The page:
The hit songs that once put McCain in the awkward position of deciding whether to chase fortune and fame or follow his heart musically, though, are one reason McCain can be his own boss.
Each year, when wedding season rolls around, I’ll Be, I Could Not Ask For More and a third song that originally was not a hit, Walk With Me, are popular choices to be played at weddings, in the process introducing McCain to potential new fans.
Those wedding songs translate into tickets sold everywhere McCain plays.
“They bring in a certain percentage of people no matter where we are because ‘Hey what are we doing tonight?’ ‘I don’t know.’ ‘Well, that guy who sings that song, they’re playing down at so and so …” he said. “So there will literally be a certain component at the shows every single night that are based on that. And now I have 90 minutes to go ‘Here’s all this other music that we play.’ ”
Aside from his famous pop ballads, McCain is mostly known for songs – many of them quite frisky – that blend soul-and-folk-flavored rock. A new 11-track concert release, Live Songs, gives fans a good taste of his music and sound with a few songs from McCain’s 2011 album, Mercy Bound, and a few others from across his career. The variety and energy of some of his songs often surprises fans that are only familiar with the hits.
“My favorite post-show conversation is with the unwilling husband who got dragged out to the show,” McCain said. “His wife is a fan of I’ll Be or I Couldn’t Ask For More, and he’s like ‘Oh God, we’ve got to go hear this guy. I’ve just been dreading it.’ Then after the show, I meet him, and he’s just like bubbling over. Like ‘Dude, I was totally dreading this.’ Like to my face, they’ll say it right to my face, ‘I was completely expecting you to suck, and I was going to listen to ballads all night long. And man, this was awesome.’ That is my favorite conversation to have, just a complete turn-around. The guy could not have wanted to come to the show less and ended up having a great time.”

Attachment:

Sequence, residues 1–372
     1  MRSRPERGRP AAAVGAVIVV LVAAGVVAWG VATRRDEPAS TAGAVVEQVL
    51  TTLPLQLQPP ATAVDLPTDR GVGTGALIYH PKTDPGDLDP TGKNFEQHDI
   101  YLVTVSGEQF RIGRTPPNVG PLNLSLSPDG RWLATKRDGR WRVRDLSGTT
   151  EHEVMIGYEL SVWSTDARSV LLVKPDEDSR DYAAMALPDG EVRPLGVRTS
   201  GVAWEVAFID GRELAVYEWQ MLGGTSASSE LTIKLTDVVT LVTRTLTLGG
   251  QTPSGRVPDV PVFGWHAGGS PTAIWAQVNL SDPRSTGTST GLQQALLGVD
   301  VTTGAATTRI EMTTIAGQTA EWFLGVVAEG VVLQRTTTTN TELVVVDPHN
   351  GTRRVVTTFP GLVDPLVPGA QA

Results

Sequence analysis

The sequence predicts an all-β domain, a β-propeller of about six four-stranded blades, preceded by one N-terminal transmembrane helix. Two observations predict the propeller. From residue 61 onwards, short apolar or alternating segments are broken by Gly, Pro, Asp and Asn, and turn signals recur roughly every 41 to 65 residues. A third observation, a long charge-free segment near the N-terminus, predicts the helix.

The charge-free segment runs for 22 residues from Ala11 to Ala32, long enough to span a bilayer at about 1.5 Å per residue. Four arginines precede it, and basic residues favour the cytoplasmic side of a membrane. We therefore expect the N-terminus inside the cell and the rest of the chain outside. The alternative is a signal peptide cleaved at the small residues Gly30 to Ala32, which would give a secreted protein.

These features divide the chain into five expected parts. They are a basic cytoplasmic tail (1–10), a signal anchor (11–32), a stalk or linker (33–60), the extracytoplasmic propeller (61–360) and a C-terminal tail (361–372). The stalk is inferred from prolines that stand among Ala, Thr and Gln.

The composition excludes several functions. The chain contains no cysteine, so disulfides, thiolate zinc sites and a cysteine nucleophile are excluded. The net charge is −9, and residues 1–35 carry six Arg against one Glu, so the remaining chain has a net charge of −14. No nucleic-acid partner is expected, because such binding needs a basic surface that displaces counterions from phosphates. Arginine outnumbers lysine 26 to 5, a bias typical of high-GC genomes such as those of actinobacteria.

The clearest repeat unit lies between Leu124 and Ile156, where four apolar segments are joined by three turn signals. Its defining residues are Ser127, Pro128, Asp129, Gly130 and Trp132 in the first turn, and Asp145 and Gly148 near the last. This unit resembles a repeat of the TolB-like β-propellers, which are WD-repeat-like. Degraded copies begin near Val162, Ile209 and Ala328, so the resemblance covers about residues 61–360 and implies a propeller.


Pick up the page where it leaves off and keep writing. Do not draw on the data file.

Chances are some fans will have a few revelations like that when McCain plays at 7 p.m. Thursday, Nov. 6, at Evans Towne Center Park. Also performing will be Shawn Mullins.
Tickets are $15 in advance and $20 the day of the show. Children ages 5 and younger will be admitted free. Call (706) 650-5005 for more.
The show returns McCain to the Augusta area, where he has special memories.
“Augusta, Georgia, is significant for me because I recorded my first album there at a little place called Studio South (Productions) with a guy named Howard Lovett,” McCain said. “That was the height of the dreaming period, where you’re just dreaming about maybe you can do something with this. I was doing everything I could possibly do to make it happen. Those were good days.”
Augusta has other connections to McCain’s early years as well.
“I used to play this little place called Squeaky’s Tip Top, which was one of my favorite out-of-town gigs,” he said. “My band, the very first band that I had sort of back and beyond, consisted of Augusta guys. It was former members of the Truly Dangerous Swamp Band. … It was a great, really neat band at the beginning. I was really lucky to have them. It was sort of serendipitous that the Truly Dangerous Swamp Band broke up and those guys were kind of available.”